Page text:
Labour markets, human capital and inequality

Focus

  • Enhancing Economic Flexibility: What Is in It for Workers?

    Reforms that boost growth by enhancing economic flexibility often meet strong opposition related to concerns that they may imply adverse consequences for categories of workers. This study investigates how making product or labour market regulation more flexible changes workers’ risks of moving out of employment and jobless people’s chances of becoming employed.

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  • Blog Post: What do pro-competitive policies IMPLY for workers?

    Reforms that make economies more competitive have become a polarising subject. On one side, they are well established as a core staple of reform programmes: they are known to boost growth. On the opposite side, they often come up as lightning rods for criticism, as some perceive that such reforms make life more difficult for workers. And some people may lose from such reforms.

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  • Costa Rica: boosting productivity to sustain income convergence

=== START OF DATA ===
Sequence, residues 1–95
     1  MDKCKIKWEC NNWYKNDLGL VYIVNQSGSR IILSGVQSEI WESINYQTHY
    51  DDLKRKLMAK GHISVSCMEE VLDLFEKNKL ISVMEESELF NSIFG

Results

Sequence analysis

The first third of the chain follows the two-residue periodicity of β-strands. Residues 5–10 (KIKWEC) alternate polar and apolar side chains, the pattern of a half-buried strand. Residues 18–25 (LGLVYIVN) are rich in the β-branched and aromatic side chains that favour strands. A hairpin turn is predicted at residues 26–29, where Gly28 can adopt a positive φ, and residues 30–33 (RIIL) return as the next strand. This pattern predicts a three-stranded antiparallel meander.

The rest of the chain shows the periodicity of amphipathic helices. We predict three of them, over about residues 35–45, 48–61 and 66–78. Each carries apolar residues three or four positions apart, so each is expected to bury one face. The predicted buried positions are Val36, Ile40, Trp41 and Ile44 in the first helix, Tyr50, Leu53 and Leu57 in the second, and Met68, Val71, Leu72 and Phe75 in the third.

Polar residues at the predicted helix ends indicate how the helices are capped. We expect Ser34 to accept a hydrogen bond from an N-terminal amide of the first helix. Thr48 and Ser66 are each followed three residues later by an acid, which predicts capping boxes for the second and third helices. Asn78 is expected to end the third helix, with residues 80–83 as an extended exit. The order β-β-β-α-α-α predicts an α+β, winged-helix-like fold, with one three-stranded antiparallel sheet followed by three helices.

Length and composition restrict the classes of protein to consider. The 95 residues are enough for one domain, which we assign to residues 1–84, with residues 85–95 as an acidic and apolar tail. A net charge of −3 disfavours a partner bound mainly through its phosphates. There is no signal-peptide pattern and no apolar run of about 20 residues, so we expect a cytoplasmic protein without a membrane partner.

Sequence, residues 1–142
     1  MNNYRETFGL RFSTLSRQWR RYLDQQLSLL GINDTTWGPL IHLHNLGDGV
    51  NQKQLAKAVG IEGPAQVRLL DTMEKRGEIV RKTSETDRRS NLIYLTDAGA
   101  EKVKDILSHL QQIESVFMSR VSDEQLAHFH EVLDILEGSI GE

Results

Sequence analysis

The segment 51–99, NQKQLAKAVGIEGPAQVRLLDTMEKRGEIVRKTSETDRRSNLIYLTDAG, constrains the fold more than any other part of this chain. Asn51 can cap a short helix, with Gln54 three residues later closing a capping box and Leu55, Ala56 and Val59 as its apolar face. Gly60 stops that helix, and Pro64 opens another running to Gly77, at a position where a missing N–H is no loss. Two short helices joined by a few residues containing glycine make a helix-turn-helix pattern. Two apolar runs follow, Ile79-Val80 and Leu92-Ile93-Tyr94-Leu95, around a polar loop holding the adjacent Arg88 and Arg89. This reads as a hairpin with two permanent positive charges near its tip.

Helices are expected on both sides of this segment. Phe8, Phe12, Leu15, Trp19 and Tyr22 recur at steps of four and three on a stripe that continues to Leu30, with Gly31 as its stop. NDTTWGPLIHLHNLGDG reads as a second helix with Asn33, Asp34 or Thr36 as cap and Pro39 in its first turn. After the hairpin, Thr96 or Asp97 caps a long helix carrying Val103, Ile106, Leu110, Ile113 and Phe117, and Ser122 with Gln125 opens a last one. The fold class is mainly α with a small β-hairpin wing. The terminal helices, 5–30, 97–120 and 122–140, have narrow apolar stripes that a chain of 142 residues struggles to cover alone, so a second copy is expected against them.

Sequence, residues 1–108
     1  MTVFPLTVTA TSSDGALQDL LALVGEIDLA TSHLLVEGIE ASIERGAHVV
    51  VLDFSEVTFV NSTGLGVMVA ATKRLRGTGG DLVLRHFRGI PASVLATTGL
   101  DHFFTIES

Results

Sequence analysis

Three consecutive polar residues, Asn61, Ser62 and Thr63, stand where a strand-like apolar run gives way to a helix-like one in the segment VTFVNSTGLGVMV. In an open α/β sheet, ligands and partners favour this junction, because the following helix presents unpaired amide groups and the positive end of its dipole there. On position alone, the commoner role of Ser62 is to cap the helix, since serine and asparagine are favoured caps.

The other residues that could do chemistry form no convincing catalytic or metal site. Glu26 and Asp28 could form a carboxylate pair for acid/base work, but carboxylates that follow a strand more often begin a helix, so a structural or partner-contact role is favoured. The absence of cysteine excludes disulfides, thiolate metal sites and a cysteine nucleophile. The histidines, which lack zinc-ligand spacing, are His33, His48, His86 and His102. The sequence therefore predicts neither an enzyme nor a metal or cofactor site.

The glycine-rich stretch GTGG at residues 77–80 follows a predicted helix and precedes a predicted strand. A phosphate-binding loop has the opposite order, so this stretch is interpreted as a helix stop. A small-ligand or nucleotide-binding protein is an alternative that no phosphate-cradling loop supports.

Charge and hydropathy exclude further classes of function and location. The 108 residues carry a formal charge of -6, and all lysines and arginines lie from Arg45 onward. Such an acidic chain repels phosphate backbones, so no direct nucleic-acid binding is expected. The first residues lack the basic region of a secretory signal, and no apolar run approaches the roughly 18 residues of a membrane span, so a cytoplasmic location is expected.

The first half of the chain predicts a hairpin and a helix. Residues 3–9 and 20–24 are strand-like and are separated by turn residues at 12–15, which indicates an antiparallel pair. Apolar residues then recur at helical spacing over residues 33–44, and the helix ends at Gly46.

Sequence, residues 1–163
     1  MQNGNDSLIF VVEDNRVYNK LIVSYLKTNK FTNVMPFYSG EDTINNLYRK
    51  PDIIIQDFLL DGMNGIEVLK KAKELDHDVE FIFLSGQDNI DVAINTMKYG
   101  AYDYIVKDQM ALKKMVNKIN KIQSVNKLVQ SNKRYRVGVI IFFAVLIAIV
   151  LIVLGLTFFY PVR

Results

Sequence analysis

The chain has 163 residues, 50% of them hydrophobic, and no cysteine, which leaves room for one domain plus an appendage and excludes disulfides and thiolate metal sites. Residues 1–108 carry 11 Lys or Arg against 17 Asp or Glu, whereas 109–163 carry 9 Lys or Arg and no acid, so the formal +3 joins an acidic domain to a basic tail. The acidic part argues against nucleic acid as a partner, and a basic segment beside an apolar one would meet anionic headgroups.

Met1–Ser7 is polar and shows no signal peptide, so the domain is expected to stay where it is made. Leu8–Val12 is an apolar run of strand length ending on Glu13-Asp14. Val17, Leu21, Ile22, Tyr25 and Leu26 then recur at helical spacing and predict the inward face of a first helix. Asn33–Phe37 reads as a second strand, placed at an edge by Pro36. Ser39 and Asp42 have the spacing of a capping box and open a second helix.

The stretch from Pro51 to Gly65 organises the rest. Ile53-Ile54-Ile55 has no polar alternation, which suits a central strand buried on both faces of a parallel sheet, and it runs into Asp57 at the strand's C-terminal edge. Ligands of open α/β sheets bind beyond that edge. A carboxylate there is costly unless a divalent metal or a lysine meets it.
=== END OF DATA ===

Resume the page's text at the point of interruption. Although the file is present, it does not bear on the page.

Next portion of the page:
Boosting national productivity to sustain the convergence process towards OECD countries living standards will hinge on creating the right conditions for domestic firms to thrive and become more innovative and productive, while maintaining the long-standing commitment to open international markets and investment.

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Enhancing Economic Flexibility: What Is in It for Workers?

Reforms that boost growth by enhancing economic flexibility often meet strong opposition related to concerns that they may imply adverse consequences for categories of workers. This study investigates how making product or labour market regulation more flexible changes workers’ risks of moving out of employment and jobless people’s chances of becoming employed.

 

BlogPost: What do pro-competitive policies IMPLY for workers?

Less income inequality and more growth - Are they compatible?

Can both less income inequality and more growth be achieved? A recent OECD study sheds new light on the link between policies that boost growth and the distribution of income. It suggests that there are win-win policy options: raising human capital is key, various labour market reforms can help and taxation can be made more equitable and growth friendly. But there are also reforms that lead to a trade-off between growth and equity.